Some fava beans and a nice…

2011.Sep.11 Sunday · 1 comment

in Food & Recipes

“Pythagoras, like the Chaldeans under whom he studied, thought that souls ended up in fava beans. My college philosophy textbook contained the fragmentary Pythagorean tenet “abstain from beans,” not explaining that it might have something to do with eating your forebears. (Heraclitus referenced this in his own aphorism on human fallibility: “Pythagoras may well have been the deepest in his learning of all men. And still he claimed to recollect details of former lives, being in one a cucumber.””

– Adam Leith Gollne, The Fruit Hunters: A Story of Nature, Adventure, Commerce and Obsession

In common conversation, about the only reference to fava beans to be found is that of Hannibal Lector in Silence of the Lambs – involving a liver and Chianti – a quote that gets paraphrased in Dumb and Dumber. But many folks have no idea just exactly what a fava bean is, or at least under that name – it is also known as a broad bean, field bean, tic bean or bell bean, depending on where you are, and, of course, in other languages, by other names – from the Arabic ful to the local, here in Argentina, haba. Culturally and gastronomically, it’s been one of the most important food beans throughout human history. It’s low in calories, high in other nutritional elements, has a high concentration of l-dopa, which has been touted as a help to those with Parkinson’s Disease, and, it tastes pretty damned good. There are people out there who have a genetic reaction to favas, a condition known as favism, particular to the raw or under-cooked beans – in fact it’s not all that uncommon, at varying degrees of severity it affects some 400 million people worldwide. It also has a mild hypertensive effect, and eating them isn’t recommended for people taking MAO inhibitors.

All that aside, we’re fond of them here at home, and when it came up recently in a couple of different conversations with guests that they weren’t really sure what they were, and had never prepared them, I thought I’d give a quick step-by-step for how I generally go about it. There are numerous ways, of course – roasting or frying them in the pods and then splitting the pods open and salting them, popping them like edamame snacks, is a popular treat in many places. Boiling, steaming… you name it.

Preparing Fava Beans

Fresh fava beans in their pods. The pods themselves are not really edible, or certainly not pleasant to eat.

Preparing Fava Beans

They’re easy to split along their seam, inside the beans are nestled in a sort of fiberous, cottony tissue, but they’re not firmly attached and running your thumb or finger along the inside will pop them all out.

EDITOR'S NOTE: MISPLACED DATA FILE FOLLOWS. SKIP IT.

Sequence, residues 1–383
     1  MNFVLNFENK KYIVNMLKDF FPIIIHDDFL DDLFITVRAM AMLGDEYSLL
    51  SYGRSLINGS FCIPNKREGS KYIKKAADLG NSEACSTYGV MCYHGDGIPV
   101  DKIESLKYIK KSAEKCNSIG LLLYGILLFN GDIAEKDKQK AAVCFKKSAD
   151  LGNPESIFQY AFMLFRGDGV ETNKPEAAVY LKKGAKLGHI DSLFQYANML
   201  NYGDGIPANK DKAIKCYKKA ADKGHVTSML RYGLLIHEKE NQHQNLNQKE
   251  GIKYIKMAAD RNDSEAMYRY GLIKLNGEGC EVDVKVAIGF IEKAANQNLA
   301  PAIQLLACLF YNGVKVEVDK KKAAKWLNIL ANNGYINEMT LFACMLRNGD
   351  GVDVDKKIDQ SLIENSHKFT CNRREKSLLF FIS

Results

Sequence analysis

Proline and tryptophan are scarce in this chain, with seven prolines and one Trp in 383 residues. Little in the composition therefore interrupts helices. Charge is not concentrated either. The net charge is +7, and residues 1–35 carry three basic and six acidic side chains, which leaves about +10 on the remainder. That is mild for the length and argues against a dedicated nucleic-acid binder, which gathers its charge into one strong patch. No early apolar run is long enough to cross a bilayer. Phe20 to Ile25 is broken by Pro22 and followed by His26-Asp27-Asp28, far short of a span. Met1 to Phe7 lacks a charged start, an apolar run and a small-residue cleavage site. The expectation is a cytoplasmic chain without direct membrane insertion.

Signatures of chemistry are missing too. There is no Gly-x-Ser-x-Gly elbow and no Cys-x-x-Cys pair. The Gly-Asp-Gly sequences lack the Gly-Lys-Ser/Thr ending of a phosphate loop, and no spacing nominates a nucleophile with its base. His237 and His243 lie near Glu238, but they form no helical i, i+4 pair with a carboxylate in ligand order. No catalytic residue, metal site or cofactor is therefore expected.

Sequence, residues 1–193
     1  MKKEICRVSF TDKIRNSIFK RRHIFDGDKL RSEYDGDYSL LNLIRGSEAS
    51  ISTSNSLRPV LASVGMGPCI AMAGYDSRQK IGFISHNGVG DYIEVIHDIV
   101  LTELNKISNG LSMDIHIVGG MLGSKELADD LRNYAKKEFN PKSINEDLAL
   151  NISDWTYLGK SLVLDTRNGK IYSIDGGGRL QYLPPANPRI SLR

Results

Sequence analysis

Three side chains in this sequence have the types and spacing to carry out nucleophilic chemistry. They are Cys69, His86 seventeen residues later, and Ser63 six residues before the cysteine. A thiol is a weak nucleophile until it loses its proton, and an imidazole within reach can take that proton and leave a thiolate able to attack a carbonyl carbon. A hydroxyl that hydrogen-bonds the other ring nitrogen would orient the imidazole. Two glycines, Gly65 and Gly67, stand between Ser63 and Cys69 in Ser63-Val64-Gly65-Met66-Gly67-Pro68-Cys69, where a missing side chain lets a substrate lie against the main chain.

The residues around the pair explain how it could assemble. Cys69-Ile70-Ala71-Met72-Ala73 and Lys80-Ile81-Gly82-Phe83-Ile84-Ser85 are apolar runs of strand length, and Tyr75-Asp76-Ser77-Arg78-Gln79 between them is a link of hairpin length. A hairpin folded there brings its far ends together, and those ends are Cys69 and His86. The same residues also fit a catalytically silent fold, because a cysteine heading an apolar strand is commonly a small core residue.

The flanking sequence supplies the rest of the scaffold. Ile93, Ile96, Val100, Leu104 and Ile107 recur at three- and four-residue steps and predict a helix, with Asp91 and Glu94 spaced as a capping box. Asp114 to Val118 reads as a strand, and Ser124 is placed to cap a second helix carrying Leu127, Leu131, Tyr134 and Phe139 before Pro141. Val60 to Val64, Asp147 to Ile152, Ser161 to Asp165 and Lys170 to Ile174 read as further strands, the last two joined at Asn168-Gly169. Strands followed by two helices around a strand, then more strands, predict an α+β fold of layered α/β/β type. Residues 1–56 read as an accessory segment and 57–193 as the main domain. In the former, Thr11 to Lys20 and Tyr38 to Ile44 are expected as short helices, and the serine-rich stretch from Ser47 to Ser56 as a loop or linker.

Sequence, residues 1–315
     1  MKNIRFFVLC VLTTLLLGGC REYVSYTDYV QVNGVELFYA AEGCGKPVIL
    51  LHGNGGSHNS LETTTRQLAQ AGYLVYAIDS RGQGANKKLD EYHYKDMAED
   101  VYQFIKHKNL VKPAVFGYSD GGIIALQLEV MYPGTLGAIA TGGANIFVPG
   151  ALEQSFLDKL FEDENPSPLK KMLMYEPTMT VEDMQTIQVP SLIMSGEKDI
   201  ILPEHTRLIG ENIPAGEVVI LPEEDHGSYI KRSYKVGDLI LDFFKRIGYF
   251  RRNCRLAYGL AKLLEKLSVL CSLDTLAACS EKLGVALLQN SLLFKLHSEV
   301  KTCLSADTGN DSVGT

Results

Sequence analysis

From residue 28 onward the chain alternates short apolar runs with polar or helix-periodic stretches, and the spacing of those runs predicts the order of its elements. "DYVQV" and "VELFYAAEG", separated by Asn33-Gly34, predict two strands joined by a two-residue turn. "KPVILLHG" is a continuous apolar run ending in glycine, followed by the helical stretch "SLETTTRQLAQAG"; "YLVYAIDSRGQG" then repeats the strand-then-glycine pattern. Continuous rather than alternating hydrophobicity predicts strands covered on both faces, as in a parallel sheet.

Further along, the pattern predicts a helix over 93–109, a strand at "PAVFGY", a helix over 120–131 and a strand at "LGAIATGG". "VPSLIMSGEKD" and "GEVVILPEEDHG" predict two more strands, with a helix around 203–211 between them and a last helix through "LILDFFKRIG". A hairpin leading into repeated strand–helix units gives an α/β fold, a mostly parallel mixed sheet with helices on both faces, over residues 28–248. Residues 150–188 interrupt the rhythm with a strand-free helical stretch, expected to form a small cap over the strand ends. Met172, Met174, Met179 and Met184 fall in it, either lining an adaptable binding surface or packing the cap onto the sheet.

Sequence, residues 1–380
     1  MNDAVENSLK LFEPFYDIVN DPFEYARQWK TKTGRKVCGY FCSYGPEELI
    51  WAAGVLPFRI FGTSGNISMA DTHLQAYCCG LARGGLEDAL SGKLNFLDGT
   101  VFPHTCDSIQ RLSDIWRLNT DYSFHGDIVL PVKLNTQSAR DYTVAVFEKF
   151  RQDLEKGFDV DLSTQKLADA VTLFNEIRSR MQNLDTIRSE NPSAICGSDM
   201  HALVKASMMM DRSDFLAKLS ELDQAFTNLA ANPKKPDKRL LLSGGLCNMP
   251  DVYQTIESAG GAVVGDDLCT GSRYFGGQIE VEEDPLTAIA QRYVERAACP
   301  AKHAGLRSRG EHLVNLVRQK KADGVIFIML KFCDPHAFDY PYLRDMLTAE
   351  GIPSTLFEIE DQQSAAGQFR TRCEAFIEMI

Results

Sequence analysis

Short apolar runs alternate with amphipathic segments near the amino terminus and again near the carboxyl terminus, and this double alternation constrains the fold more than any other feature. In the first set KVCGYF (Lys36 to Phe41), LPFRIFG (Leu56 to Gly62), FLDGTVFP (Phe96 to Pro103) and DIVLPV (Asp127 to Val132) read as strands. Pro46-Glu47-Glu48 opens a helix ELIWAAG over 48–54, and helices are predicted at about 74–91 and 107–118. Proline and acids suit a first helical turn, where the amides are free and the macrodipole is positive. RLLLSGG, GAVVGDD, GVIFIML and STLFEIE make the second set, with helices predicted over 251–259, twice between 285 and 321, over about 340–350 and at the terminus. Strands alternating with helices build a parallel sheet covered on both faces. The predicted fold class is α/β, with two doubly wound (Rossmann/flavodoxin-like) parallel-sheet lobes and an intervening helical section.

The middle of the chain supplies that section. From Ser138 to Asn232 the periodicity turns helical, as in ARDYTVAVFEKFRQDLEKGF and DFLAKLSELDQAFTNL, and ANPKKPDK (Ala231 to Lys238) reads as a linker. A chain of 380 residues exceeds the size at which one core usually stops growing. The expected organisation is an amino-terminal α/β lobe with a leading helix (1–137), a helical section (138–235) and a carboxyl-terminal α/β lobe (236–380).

Preparing Fava Beans

Closeup of the beans with their skin and stem on. The skin is edible, though can be chewy, if you’re going to leave them in the skins you should twist off the stems.

Preparing Fava Beans

This is a little over half a kilo (maybe a pound and a half) of beans in their pods after removal – leaving around a quarter kilo, or just over half a pound of beans. (And, by the way, if you’re using frozen fava beans, this is the point at which you start….)

Preparing Fava Beans

While you’re peeling the beans, or when you’re ready, bring a pot of salted water to a full boil. Add the beans and let it come back to a boil. If you’re going to use them straight after this, let them boil for about 10 minutes, which will also soften the skin enough so it’s not so chewy if you’re going to leave them in their skins. If you’re going to cook them again, such as sauteing them, 5 minutes is plenty of time to loosen the skins and set the color.

Preparing Fava Beans

Plunge them into ice water, or, more easily, run them under very cold water (I set the strainer over the same pot they were cooked in, letting it fill with very cold water and soaking them as the water continues to run) until they are completely cold.

Preparing Fava Beans

Drain them. As I said, they can be eaten as is, or…

Preparing Fava Beans

…I generally prefer to peel them, as the skin, edible or not, and containing a good amount of fiber or not, is slightly unpleasant and chewy to eat in my view unless cooked to the point where the interior bean is mush and the skin is really soft. The easiest way to peel them is to nick one end with your thumbnail or fingernail.

Preparing Fava Beans

Then it’s easy to squeeze lightly from the other end and the bean will pop right out of its skin.

Preparing Fava Beans

You’ll end up with a smaller quantity, obviously, and the skins can either be thrown out or composted.

Preparing Fava Beans

But they’re truly beautiful, and a great addition to soups, pastas, or sauteed in a little butter and salt, perhaps with a touch of garlic. Here, they’re ready to go for whatever you want to use them for.

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